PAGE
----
The 2020 presidential election campaign is still in its formative stages. Democrats still are winnowing down a huge field of contenders/pretenders for their party’s nomination. Meanwhile, Donald Trump is gearing up as the Republicans’ nominee.

OK, so what might we expect to hear from the Trump Team as it seeks to get its man re-elected?

The economy will be front and center of Trump’s theme. Fine. The numbers have been good. Unemployment is low. Job growth has been brisk. However, there are danger signs lurking. Economists suggest a recession might be in the country’s near future.

However, even though he denigrates his immediate predecessor’s record over two terms as president, Trump did inherit an economy that was in far better shape than the one that dropped onto President Barack Obama’s lap in January 2009.

Beyond that, I want to hear from Trump’s allies why this man who has masqueraded as president deserves to be re-elected. I want them to make a positive case for him.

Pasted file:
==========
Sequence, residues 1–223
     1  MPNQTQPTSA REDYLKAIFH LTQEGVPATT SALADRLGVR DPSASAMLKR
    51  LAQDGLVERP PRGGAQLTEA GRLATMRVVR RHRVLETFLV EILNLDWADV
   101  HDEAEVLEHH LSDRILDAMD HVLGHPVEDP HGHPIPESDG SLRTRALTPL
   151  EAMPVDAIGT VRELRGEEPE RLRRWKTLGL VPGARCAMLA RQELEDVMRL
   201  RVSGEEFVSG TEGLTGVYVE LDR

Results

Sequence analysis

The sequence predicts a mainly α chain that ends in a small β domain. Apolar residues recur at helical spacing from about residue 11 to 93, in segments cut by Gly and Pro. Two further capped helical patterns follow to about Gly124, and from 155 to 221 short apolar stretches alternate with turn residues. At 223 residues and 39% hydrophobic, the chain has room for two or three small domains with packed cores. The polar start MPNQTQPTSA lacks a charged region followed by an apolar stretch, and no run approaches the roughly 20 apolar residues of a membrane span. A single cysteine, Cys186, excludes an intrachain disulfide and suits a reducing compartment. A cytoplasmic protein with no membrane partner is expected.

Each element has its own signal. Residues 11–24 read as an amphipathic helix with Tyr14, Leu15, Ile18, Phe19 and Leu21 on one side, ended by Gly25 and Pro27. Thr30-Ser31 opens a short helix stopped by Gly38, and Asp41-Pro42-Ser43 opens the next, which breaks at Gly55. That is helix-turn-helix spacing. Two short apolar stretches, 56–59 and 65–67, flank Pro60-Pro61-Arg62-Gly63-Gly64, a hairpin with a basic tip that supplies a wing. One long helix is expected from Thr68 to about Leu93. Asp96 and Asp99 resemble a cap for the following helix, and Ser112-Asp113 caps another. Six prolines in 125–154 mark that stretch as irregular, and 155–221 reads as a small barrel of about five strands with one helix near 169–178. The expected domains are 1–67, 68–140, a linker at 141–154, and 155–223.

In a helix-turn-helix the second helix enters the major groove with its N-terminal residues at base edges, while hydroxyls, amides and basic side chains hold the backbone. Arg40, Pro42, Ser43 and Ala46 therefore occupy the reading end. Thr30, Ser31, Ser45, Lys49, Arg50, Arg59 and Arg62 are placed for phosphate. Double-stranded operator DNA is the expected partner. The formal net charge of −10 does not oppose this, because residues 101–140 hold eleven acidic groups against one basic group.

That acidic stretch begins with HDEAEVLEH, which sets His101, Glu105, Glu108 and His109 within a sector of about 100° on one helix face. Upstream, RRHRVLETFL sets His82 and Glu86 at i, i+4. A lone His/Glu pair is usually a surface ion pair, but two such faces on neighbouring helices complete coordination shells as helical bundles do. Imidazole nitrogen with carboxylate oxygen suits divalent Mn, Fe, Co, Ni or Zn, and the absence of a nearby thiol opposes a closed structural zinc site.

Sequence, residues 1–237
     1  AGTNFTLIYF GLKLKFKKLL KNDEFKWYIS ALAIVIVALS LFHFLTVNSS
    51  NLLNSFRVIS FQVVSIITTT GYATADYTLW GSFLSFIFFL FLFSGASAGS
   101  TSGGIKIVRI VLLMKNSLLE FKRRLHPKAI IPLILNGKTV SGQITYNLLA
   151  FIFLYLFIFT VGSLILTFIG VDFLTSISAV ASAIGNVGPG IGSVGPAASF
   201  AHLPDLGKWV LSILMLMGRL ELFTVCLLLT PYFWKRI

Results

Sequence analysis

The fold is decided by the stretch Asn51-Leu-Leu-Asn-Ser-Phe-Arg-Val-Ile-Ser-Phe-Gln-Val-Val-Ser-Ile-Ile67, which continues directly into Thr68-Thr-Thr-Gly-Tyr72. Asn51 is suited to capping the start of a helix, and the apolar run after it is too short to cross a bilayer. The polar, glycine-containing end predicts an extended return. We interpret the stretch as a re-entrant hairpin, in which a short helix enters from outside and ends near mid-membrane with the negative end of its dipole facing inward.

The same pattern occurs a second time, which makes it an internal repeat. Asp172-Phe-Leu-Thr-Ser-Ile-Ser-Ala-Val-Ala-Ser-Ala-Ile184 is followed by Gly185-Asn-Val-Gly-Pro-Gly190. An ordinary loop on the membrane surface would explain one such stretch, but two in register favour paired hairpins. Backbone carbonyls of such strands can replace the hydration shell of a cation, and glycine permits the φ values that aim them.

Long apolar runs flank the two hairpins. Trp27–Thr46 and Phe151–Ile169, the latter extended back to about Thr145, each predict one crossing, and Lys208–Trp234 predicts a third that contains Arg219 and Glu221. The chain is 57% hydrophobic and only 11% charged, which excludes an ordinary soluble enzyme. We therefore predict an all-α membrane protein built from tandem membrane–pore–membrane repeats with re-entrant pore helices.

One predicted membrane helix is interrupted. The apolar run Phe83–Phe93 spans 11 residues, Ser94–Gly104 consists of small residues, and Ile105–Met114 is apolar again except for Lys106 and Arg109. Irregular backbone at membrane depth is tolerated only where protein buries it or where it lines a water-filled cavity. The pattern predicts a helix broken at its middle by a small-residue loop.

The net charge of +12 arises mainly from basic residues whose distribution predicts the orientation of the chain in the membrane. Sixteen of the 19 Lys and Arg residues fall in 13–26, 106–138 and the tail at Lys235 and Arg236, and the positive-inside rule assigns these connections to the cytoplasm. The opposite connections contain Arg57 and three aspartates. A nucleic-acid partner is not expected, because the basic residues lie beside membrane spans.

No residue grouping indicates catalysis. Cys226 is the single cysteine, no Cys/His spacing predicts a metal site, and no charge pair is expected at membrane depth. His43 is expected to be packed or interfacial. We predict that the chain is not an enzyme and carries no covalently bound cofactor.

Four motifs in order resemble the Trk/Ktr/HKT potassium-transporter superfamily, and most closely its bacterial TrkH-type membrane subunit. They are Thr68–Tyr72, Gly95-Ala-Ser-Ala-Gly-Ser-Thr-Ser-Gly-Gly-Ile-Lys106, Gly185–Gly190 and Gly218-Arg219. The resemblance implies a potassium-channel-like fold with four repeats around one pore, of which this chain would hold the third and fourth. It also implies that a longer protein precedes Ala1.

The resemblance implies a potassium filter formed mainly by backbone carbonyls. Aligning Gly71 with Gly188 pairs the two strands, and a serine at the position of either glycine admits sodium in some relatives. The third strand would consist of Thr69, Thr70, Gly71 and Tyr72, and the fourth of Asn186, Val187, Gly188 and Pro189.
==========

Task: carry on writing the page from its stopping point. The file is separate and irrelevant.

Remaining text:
I’ll be clear that there’s nothing they can tell me that will change my mind. In my view, Trump is unfit for office. Name any category you wish — previous experience, business acumen, morality, ideology, presidential behavior — in my view he fails every test you can imagine.

I am willing to listen to those who are willing to make the case.

Who will stand up, grab a microphone and tell us that Donald Trump possesses all the essential qualities we expect in a president. Who will say he is compassionate? Or that he listens to Americans? Or that he studies the issues before acting on them? Or that he grasps the complexities of his office, or the massive federal government?

Trump’s own strategy likely will be steeped in innuendo, just as it was in 2016 when he surprised the political world by defeating Hillary Rodham Clinton. He won’t proclaim his own virtues, other than those he fabricates: his intelligence and his memory.